View Full Version : Hearing from Coach Mike Tomlin

01-28-2011, 01:04 AM
Hearing from Coach Mike Tomlin
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On timeouts, clock management, jerks

Throughout the 2010 NFL season, Coach Mike Tomlin will provide his insight and observations to Steelers.com on a variety of topics pertaining to the team and the National Football League.

Q. In a situation where a team might choose to assign a cornerback to a specific receiver, is that ever an advantage for the offense?

A. It is, because then you know who the cornerback is not covering. Anytime you can identify matchups, it helps you from a planning standpoint, from a preparation standpoint. If you have a pretty good understanding about who someone is going to cover, then you of course know who they’re not going to cover.

Q. Who has the authority call timeouts during a game?

A. Usually, I call the timeouts. Of course, Ben calls timeouts from time to time because of information that he has that I don’t, such as lack of communication in the huddle, maybe not getting enough time to execute a call that has come in from the sideline a little late. Primarily, it’s me and Ben.

Q. When it comes to the clock management area of using timeouts, is there some system you use, or are you guided by feel?

A. Often, we use them as needed, with the understanding that we want to preserve as many of them as we can. I don’t try to put too many parameters on it, because each and every game and game circumstance is different.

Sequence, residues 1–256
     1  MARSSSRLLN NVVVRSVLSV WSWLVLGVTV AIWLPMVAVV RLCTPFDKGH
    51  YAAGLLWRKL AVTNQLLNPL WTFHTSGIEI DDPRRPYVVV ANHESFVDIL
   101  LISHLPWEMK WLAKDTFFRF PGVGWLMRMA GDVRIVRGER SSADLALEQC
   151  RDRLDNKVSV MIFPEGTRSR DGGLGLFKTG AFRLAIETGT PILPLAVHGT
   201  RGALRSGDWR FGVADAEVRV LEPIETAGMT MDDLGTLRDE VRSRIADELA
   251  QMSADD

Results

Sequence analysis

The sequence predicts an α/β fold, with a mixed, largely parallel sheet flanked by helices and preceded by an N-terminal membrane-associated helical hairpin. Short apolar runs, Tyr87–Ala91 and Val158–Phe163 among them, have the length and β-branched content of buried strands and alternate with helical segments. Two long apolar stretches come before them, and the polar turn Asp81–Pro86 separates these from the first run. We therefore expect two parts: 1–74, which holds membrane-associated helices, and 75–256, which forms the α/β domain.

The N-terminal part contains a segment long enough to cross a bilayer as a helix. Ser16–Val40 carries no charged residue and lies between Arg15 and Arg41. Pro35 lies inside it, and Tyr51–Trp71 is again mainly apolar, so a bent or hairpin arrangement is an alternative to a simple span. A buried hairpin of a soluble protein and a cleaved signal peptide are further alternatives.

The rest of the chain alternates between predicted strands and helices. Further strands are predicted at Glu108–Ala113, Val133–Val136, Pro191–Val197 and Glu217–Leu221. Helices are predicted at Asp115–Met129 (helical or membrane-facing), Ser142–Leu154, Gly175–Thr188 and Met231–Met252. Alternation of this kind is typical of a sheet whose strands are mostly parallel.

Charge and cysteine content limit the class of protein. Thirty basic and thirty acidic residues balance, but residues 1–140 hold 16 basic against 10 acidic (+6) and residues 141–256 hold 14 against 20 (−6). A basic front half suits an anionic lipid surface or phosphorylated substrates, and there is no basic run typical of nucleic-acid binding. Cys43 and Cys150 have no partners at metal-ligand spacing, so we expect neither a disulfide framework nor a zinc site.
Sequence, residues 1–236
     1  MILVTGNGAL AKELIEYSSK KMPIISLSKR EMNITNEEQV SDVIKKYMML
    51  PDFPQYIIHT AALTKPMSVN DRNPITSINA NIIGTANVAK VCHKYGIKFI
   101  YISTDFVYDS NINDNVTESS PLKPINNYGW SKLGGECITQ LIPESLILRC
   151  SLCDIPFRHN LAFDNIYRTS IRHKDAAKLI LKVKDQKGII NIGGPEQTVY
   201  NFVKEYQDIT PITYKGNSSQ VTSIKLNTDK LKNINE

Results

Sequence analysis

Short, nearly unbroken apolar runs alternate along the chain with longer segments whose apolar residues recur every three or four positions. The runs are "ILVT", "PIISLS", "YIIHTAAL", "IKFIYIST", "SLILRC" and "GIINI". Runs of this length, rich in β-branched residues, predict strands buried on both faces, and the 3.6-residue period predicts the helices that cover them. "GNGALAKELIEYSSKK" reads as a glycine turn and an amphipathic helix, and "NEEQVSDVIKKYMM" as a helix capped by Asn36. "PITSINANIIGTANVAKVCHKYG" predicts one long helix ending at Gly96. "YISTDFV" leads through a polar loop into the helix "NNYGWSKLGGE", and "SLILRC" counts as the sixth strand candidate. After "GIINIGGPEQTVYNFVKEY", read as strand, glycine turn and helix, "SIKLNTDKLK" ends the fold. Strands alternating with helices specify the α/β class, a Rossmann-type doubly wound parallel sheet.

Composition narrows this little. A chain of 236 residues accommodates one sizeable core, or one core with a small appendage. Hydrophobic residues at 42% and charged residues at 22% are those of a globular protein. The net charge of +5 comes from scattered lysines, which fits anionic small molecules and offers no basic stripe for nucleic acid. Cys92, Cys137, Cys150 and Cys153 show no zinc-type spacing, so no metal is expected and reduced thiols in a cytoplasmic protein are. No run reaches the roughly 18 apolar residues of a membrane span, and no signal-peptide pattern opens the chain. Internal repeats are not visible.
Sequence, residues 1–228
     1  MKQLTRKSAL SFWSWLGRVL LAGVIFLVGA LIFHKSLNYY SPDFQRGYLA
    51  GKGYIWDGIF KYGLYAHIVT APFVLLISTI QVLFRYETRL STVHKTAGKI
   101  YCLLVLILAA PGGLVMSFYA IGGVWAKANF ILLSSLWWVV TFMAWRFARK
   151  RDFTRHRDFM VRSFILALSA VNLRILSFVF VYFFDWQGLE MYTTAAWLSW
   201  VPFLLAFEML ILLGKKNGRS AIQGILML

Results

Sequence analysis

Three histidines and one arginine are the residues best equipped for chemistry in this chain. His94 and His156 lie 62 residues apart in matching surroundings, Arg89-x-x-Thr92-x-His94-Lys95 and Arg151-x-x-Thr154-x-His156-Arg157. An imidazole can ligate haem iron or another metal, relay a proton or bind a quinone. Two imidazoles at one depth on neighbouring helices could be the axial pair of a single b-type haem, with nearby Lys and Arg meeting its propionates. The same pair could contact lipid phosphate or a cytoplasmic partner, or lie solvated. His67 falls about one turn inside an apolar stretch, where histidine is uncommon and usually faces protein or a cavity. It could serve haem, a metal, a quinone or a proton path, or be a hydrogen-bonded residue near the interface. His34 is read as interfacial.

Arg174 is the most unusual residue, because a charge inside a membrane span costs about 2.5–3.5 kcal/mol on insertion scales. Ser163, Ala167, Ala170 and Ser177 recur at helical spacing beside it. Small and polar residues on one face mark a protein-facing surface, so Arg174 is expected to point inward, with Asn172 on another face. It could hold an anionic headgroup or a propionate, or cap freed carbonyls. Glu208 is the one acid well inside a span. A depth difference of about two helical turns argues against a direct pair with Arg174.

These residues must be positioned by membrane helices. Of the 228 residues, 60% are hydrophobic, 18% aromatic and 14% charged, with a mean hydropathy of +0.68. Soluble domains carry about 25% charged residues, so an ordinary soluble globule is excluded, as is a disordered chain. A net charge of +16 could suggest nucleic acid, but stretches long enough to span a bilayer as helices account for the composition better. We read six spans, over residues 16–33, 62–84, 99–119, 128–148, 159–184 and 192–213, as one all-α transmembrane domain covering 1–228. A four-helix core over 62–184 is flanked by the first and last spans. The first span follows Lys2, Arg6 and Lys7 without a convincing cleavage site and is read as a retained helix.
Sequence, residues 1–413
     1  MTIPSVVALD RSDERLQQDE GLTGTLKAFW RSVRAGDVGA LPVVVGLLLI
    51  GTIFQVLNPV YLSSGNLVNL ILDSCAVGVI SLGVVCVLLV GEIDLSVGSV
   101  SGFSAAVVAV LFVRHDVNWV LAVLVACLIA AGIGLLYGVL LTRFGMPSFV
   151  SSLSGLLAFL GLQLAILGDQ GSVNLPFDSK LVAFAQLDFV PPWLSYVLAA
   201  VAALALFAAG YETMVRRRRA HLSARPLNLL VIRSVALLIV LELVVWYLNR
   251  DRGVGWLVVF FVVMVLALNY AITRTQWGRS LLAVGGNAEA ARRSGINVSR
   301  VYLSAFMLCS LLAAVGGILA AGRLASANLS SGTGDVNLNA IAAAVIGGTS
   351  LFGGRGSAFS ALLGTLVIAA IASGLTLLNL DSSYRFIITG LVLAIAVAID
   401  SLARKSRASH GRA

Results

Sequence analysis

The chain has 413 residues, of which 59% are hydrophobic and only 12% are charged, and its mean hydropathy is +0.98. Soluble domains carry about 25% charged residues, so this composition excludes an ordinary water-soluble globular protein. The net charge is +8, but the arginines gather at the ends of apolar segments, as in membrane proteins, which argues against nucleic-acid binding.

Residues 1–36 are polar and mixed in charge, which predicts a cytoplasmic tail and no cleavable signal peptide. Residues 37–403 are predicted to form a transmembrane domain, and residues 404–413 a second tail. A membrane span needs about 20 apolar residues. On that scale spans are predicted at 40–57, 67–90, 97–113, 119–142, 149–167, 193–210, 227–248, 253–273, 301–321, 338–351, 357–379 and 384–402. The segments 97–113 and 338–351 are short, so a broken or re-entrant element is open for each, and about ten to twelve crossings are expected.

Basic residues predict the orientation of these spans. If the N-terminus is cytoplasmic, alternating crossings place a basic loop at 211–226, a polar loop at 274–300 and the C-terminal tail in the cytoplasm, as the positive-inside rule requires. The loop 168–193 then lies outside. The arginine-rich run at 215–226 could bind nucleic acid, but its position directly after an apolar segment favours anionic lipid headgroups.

Q. Generally, do you prefer to use your timeouts only when you’re on offense?

A. Preferably, I like to save them all for offense and the only time I use them on defense or special teams is if I think that something potentially catastrophic is going to happen.

Q. When it comes to timeouts, is it more of a sin to go into halftime or finish a game with timeouts remaining, or to run out of them?

A. It doesn’t really matter to me. There are many instances when we don’t utilize our timeouts and we don’t need them. If we need them, I want to have them. That’s generally been my approach to timeouts, and that has been the case for us since I’ve been here. Very rarely have we been in a situation where we needed timeouts and didn’t have them.

Q. Do you ever consider timeouts when you’re deciding whether to utilize one of your instant replay challenges?

A. No. Usually, I use the red flag in an effort to save points.

Q. In this Steelers locker room, you have a remarkably few guys who could be described as jerks. Does that mean anything?

A. In the big scheme of things, no. This is a business. Everybody is pretty clear about what’s required to be a success in this business. People have to put their best foot forward and be respectful of others, what they need to do to be prepared and then ultimately to play. I think more than anything, it’s about mutual respect. And respect has very little to do with personality and personality types and quirks.

Q. So when you talk about these players’ willingness to put their hands in the pile to contribute to the success of the team, that has nothing to do with whether people are selfish in the way they see things away from football?